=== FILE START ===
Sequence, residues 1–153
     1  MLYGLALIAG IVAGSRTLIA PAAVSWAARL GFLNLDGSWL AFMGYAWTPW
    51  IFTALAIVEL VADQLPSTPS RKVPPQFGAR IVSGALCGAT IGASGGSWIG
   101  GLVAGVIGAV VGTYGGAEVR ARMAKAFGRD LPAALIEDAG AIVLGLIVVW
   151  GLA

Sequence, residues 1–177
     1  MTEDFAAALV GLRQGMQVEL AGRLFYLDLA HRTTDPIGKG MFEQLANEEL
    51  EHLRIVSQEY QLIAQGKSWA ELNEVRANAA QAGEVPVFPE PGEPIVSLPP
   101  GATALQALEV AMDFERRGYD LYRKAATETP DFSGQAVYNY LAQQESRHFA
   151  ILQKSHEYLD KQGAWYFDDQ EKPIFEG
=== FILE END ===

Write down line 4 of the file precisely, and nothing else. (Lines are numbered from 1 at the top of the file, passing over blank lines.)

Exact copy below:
   101  GLVAGVIGAV VGTYGGAEVR ARMAKAFGRD LPAALIEDAG AIVLGLIVVW